It is practical if the transponder of the tissue marker according to the invention is configured as a passive transponder, whereby the power supply of the circuit takes place by means of the induction current generated in the antenna during reception of electromagnetic radiation. The small construction size of passive transponders is advantageous, since these make do without their own active energy supply, for example in the form of a battery. The energy that the transponder needs to emit the localization signal is made available by the electromagnetic radiation by means of which activation of the transponder takes place. It is practical if the transponder has a capacitor for supplying power to its integrated circuit, which capacitor is charged by means of the induction current generated in the antenna. Since the permanent energy supply is guaranteed by means of the capacitor, the antenna of the transponder can be dimensioned to be very small, and this in turn is advantageous for use of the transponder as a tissue marker.

According to a practical further development of the tissue marker according to the invention, the transponder is connected with at least one sensor element, whereby the transponder emits a sensor signal of the sensor element as electromagnetic radiation. Accordingly, the transponder is not only used for marking a lesion in the body tissue, but also for transmitting sensor signals that are recorded at the corresponding lesion location. The transponder is connected with corresponding sensor elements, for example a temperature sensor, a pressure sensor, or a pH sensor. The transponder transmits the sensor signal in wireless manner, as an analog or digital signal.

A particularly advantageous embodiment of the tissue marker according to the invention results from the fact that the tissue marker is biodegradable. If the tissue marker is biodegradable, an operation to remove it after completion of therapy for which the tissue marker is required can be eliminated entirely, specifically independent of the size of the tissue marker. Even a tissue marker having large dimensions can be used if the tissue marker is biodegradable. It is possible to produce all the components of the tissue marker, including the transponder, from biodegradable materials, and to configure the surfaces of all the parts of the tissue marker in such a manner that biodegradability is guaranteed. The integrated circuit of the transponder consists essentially of silicon, which is both biodegradable and biocompatible. Known biodegradable and biocompatible materials can easily be selected for the antenna and, if necessary, for other components of the tissue marker. It is particularly practical to embed the tissue marker according to the invention in a biodegradable sheath, whereby the biodegradation time can be pre-determined by the thickness and/or the composition of the sheath. In this way, the biodegradation time can be adapted to the duration of the therapy for which the tissue marker is used. Different polymer, ceramic, and metallic materials that are known to be biodegradable and biocompatible are suitable as sheaths for the tissue marker according to the invention.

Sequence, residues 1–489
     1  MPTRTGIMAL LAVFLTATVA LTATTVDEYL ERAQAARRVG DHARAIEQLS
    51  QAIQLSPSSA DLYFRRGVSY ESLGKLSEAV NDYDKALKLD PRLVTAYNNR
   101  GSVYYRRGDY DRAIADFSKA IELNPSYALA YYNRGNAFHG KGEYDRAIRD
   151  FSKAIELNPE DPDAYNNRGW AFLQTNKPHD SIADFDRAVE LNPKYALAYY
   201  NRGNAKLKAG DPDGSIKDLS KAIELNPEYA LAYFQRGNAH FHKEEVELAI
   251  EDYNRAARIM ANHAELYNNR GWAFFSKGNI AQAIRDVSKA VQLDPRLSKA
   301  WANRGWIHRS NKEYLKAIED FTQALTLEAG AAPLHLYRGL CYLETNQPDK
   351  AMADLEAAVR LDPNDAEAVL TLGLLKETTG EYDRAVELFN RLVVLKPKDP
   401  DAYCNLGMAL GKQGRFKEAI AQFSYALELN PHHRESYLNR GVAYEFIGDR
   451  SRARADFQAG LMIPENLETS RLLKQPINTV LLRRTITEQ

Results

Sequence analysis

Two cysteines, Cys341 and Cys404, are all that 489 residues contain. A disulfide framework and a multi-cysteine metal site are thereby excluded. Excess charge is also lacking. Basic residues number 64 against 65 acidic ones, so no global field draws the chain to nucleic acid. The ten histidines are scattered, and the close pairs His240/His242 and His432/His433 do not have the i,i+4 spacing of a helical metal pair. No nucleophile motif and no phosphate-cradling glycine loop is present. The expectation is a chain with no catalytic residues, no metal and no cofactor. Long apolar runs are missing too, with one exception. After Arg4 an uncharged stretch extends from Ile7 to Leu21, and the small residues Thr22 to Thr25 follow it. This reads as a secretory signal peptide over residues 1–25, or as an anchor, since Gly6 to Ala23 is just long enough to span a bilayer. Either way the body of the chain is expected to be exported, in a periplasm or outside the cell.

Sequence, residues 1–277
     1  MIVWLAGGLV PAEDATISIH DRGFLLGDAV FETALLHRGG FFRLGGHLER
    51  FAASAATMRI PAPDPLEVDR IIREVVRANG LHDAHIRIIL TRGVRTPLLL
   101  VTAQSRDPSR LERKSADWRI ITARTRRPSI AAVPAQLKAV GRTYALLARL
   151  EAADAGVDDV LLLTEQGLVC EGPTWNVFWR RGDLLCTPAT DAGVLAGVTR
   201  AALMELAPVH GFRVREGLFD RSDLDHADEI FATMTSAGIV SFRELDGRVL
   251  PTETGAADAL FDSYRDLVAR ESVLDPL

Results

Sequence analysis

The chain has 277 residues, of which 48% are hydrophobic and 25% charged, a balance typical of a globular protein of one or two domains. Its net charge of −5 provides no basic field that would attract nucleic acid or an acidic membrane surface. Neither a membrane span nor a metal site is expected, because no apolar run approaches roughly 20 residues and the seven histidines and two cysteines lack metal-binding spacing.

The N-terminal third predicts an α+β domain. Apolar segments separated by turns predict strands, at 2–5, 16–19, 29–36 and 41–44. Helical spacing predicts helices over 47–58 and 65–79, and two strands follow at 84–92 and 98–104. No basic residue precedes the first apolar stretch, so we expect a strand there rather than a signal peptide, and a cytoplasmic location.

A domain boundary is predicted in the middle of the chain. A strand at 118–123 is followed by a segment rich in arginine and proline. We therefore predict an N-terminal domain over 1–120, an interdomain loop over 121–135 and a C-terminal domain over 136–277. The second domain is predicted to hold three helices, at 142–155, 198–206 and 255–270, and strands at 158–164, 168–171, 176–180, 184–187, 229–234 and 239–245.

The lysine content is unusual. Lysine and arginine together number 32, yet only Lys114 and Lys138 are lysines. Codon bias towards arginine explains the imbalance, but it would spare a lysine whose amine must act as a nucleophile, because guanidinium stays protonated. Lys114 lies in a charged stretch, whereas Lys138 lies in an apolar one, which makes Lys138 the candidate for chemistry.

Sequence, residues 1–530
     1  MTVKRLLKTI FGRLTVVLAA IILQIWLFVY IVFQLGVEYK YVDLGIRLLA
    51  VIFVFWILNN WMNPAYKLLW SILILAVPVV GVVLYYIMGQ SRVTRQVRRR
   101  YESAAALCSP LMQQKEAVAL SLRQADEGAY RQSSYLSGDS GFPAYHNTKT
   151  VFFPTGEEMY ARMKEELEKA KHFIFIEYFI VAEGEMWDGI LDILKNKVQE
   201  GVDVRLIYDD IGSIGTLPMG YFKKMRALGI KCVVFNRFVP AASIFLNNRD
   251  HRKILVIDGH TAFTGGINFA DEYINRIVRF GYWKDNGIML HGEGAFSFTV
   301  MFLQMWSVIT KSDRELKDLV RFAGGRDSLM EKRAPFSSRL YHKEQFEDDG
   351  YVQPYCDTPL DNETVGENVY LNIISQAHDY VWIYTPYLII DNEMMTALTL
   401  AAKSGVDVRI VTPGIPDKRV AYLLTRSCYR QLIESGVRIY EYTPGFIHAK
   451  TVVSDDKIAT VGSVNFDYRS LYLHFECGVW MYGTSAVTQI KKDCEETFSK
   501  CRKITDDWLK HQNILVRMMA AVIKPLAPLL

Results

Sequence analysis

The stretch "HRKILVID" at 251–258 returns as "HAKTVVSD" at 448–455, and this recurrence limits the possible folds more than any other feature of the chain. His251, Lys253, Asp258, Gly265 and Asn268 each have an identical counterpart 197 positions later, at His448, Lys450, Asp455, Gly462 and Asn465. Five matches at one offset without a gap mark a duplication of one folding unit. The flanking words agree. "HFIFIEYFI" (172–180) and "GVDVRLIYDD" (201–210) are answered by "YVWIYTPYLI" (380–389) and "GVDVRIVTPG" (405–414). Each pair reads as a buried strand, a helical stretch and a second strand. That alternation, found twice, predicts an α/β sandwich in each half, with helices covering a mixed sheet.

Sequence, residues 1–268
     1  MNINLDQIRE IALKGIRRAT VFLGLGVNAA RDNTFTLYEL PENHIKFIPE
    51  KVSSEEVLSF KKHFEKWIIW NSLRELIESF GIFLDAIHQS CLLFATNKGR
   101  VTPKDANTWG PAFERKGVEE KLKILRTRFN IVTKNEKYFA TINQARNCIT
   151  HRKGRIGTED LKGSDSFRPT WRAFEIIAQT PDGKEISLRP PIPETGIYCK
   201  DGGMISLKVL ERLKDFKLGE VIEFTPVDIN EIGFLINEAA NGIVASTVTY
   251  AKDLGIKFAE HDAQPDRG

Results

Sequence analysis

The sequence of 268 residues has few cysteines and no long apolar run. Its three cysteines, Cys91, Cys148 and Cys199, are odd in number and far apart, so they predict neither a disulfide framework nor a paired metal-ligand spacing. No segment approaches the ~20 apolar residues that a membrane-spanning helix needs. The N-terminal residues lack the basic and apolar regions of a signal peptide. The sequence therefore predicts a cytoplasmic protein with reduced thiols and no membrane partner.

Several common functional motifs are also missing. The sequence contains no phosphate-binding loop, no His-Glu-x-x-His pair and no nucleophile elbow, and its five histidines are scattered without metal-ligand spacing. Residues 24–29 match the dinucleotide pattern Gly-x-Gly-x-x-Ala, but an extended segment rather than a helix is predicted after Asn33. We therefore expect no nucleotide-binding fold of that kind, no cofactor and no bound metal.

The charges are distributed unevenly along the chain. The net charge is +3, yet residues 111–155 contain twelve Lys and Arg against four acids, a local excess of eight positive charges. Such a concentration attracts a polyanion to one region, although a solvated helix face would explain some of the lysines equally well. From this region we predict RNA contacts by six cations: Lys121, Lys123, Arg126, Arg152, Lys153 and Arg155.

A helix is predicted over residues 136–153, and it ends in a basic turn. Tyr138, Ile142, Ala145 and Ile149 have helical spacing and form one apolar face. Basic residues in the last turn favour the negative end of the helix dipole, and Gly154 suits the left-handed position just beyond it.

Using today's technology, it is possible to produce RFID tags using the printing method. RFID tags printed in this way are well suited as tissue markers according to the invention. It is possible, for example, to print an RFID tag onto a substrate of biodegradable material, as a tissue marker.